I scream instead. I draw in a deep shuddering breath and I yell as loudly as I can. My own voice sounds distant, disconnected from me, as it runs through a full litany of every obscenity I've ever heard. After over 20 years of military service, it takes a while to reach the end of the list. When I hit that, I settle for screaming Daniel's name again. Over and over until my throat is raw and I can't breathe.
I gasp for breath and curl up in a ball of misery so complete that I'm certain it's going to kill me. That's fine, I'll be happy to die. Or would be, if there wasn't the faint chance that Daniel was still alive out there, somewhere. I can't die if he still needs me, a little voice chants inside my head. I tell it to shut it, there's nothing I can do.
'Daniel needs you,' it tells me again.
'I can't,' I whisper back, but it's too late.
If there's even the slightest of chances…then I have to try. But there's no way I'm going anywhere at the moment and the lizards have ignored all of my shouting to this point, so a little more would hardly bring them running. So if I'm not mobile…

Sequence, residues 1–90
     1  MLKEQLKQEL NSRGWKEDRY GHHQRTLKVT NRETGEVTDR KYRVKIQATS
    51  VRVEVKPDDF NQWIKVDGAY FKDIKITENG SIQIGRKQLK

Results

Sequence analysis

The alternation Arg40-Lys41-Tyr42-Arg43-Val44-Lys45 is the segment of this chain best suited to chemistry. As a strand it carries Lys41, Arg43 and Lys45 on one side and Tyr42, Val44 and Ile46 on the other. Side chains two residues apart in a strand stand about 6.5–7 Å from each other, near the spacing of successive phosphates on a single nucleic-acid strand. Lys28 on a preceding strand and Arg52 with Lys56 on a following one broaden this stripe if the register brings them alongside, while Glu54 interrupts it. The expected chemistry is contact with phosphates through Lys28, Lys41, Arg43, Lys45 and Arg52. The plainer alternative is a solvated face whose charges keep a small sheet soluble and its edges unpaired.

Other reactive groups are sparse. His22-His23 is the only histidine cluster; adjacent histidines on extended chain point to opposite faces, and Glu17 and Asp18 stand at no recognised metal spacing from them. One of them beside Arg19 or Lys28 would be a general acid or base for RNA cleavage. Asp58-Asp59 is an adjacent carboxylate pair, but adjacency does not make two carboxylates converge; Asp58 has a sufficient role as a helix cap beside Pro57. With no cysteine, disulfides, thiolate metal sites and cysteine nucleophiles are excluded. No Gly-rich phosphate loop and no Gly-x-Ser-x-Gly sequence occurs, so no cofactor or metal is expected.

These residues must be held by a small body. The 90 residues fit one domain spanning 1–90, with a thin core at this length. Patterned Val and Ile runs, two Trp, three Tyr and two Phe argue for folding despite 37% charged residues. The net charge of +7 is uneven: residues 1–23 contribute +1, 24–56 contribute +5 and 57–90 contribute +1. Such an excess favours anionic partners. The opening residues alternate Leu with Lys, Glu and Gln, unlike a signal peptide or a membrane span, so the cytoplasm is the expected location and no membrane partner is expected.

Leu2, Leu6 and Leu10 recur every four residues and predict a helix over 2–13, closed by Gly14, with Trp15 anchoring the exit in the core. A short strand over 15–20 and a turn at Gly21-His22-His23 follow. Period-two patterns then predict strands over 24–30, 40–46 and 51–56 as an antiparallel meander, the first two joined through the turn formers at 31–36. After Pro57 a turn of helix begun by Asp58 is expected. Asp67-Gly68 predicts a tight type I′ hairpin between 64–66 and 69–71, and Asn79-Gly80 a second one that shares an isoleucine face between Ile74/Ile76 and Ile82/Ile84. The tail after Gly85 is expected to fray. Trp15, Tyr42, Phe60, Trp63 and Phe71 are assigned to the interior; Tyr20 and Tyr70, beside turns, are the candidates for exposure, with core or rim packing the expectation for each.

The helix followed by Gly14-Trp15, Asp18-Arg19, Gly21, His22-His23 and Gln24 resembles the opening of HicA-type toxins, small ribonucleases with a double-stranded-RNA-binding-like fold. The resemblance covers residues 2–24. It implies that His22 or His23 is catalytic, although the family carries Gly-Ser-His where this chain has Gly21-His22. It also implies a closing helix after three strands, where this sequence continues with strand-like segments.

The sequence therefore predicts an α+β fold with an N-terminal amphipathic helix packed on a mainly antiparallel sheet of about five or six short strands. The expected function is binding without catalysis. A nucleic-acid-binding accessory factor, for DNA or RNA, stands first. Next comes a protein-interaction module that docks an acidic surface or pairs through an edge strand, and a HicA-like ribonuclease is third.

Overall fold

The monkeys! I open my eyes and lift my head to look at them, sending one thought as hard as I can, not even knowing how or why they might hear me.
Fear rockets back at me from both of them. I plead again, desperately.
They blink at me, chatter anxiously to each other.
"Hey, I know you're scared shitless, little fellas. I am too. But I can't go," I pull on the chain trapping me to emphasize my words. "So you have to. Be quiet and careful, OK. I know you can do it! Find Daniel, please?!"
Somehow, the sense of what I'm saying seems to penetrate. They bob, still chattering nervously, but I can feel their agreement, reluctant though it is.
'Thank you' I whisper, and Nosey runs forward to rub his nose against mine. Oooh, that's wet and cold. But I do appreciate the gesture. I force a smile and they seem to grin back, though that could just be a grimace of fear. Then they turn and race out the door, disappearing in opposite directions.
All I can do is wait. I hate waiting. I am not a patient man. I never have been, I never will be. And this is a million times worse than any other time I've spent waiting for anything or anyone, even worse than sitting in the hospital lounge hoping to hear that my wife has safely given birth.